OSA Origins -Our Story Aloud

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101 Tribe. A crew founded by 2 taggers in Pasadena, California,1993. DEPT & THAIR aka DEE ROC & STUNTMAN.

OSA (Originality Stands Alone) is a quote taken directly from something DEE ROC would say. STUNTMAN adopted it and can trace its echoes back to 1996, even though it was said before that.

By the late 90’s 101 had died down and many members quit. Stuntman had been rolling solo and building with many dancers throughout California. Though his goal was to be down with Style Elements Crew, he would travel and enter battles. On a few occasions he entered battles as Originality Stands Alone. It was not a crew yet a state of mind that was being pushed. By 2000 Stuntman was an official SEC member, but had build a huge relationship with both RawbZilla and Midus. Any time this guys entered they would enter as OSA. Sometimes even including other dancers; Battle Tactics, Freestyle Session, Ice Breaker just to name a few. Most notable was Lords of the Floor 1 & 2, where RawbZilla and Stuntman left a Huge mark.

Throughout the 2000’s the 3 continued to push the envelope of Originality, as well as their own agendas. International travel, titles, battles, and a video called DETOURS also aided in the spread of the movement.

In early 2000 a performance group named Hope in Hollywood was born. Years later Stuntman would rename it OSA (One Step Ahead). Still active to this day with theatre, film, and performance, the main members were Marissa Labog (Mighty), Roberto Lambaren (RawbZilla), and Ricky RocAny (Stuntman).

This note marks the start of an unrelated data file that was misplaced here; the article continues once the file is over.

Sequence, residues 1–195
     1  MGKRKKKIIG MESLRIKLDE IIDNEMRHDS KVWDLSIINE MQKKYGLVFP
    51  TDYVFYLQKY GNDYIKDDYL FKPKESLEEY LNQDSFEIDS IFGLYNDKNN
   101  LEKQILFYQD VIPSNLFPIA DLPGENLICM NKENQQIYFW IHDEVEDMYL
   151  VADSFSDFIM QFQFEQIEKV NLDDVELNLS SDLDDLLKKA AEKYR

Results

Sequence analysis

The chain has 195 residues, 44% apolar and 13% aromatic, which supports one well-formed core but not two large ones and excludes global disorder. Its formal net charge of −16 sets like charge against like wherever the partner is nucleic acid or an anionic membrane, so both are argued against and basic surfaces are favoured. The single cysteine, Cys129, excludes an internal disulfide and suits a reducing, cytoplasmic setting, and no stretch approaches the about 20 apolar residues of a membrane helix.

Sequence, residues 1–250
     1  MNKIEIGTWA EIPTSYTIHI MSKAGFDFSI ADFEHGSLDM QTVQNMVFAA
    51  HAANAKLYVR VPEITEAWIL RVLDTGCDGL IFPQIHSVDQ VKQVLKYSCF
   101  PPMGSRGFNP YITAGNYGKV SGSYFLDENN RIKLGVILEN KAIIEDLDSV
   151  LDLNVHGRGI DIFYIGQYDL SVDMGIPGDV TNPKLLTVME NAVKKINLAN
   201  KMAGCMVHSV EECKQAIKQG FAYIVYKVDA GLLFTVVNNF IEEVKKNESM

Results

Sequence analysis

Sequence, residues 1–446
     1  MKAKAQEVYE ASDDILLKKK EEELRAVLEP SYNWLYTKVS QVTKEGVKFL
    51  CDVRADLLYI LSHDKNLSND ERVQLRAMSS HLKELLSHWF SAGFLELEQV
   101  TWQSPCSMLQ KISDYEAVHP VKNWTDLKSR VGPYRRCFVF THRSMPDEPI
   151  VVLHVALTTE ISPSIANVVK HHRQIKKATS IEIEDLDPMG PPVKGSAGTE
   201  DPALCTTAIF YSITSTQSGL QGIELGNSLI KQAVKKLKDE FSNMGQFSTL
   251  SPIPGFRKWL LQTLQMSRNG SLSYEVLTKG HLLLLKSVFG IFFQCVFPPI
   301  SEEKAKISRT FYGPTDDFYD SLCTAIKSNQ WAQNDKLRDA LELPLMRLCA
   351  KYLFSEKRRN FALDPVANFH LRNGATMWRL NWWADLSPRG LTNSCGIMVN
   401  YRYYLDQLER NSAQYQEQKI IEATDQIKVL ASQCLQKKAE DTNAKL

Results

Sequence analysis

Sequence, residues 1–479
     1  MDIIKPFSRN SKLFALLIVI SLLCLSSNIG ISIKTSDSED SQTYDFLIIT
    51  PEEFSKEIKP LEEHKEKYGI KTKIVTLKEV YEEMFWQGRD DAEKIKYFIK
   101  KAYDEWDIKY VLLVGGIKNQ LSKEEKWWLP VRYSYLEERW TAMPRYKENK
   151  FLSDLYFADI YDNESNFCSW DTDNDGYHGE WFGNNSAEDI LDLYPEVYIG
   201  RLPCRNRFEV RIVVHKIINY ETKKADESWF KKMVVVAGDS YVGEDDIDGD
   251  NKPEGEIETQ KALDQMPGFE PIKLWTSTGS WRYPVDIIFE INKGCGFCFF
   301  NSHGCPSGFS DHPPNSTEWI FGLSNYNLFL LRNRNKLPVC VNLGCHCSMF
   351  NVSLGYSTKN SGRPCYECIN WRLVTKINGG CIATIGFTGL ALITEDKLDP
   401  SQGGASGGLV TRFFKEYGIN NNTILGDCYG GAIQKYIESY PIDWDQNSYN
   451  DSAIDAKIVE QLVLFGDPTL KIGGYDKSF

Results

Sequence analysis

Now fast forward to 2008. Germany BOTY pre-party. A Spaniard named Artis steps to Stuntman and an exchange takes place. A very respectful relationship begins between the 2. Artis expresses his OSA following and asks to be put in. Again OSA is not a crew, but a movement. It’s almost safe to say you don’t get in you get down! The bond between these dancers led to the birth of Furious Styles Crew Spain Chapter. An Arizona crew birthed in 1993; Stuntman runs the Cali chapter and Artis the Spain one…

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Through the years many people approached OSA in hopes of “getting in”, but there’s nothing to get in to. In 2010 a young dancer from Texas named PawFlo met Stuntman at Vicious Germs anniversary. A vibe clicked right away and they became friends. PawFlo later asked to be down. Down indeed.

Last few years the collective known as OSA have been making ripples.

RawbZilla is an active member of Master Movements Crew, who have a rich history with 101. He also runs a bistro and is a member of a prestigious dance company named Heidi Deckler. He’s married and owns a house in Pasadena.

Midus, now a member of Style Elements Crew, is very involved with his community and has relocated to his motherland, Armenia.

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PawFlo, a member of Sole Power is super active in Texas. Throwing jams, performing, and battling. Artis still runs FSC Spain where he teaches, performs, battles, and is throwing their 4 year anniversary.
Stuntman? Well Stuntman has been quite the busy guy… He continues to repp FSC Cali, is associate director of One Step Ahead, who have sense recruited Lady LeX, Ace, and Odin Rock, and is Style Elements Crew. He also works for a non-profit after school organization. He is a father and newly proud grandfather. He trains, teaches, and competes as much as he can.

Late 2013 Stuntman with the guidance of Midus and blessings from all involved, launched a clothing line. OSA Clothing. Originality Stands Alone has made the leap. The last few months have been real busy. Have a full running web site and web store. Vending when available and, most recently, in collaboration with Bboy Summit their first event. The movement is real!

Be on the lookout. Support your global originals. Stand with us.

Visit www.osadance.com
or shop directly at osaclothing.madefreshly.com

RICKY ROCANY
better known as
..:STUNTMAN:..
*Style Elements*
Furious Styles Crew
www.FSC93.com
www.facebook.com/RocAnyStuntman